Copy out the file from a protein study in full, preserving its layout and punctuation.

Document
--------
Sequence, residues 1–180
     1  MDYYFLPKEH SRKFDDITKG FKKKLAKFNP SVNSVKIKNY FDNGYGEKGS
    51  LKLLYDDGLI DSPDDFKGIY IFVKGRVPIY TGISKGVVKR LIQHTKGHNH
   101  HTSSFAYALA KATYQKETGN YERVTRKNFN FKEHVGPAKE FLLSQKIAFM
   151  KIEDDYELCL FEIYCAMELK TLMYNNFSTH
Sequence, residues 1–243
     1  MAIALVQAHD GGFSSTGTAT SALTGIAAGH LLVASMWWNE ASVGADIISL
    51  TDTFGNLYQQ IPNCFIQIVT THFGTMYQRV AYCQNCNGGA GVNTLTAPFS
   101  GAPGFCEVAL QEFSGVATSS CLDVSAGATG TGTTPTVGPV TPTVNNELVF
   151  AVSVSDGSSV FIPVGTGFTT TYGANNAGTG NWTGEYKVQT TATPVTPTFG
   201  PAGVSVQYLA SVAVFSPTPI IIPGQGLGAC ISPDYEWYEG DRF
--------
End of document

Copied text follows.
Sequence, residues 1–180
     1  MDYYFLPKEH SRKFDDITKG FKKKLAKFNP SVNSVKIKNY FDNGYGEKGS
    51  LKLLYDDGLI DSPDDFKGIY IFVKGRVPIY TGISKGVVKR LIQHTKGHNH
   101  HTSSFAYALA KATYQKETGN YERVTRKNFN FKEHVGPAKE FLLSQKIAFM
   151  KIEDDYELCL FEIYCAMELK TLMYNNFSTH
Sequence, residues 1–243
     1  MAIALVQAHD GGFSSTGTAT SALTGIAAGH LLVASMWWNE ASVGADIISL
    51  TDTFGNLYQQ IPNCFIQIVT THFGTMYQRV AYCQNCNGGA GVNTLTAPFS
   101  GAPGFCEVAL QEFSGVATSS CLDVSAGATG TGTTPTVGPV TPTVNNELVF
   151  AVSVSDGSSV FIPVGTGFTT TYGANNAGTG NWTGEYKVQT TATPVTPTFG
   201  PAGVSVQYLA SVAVFSPTPI IIPGQGLGAC ISPDYEWYEG DRF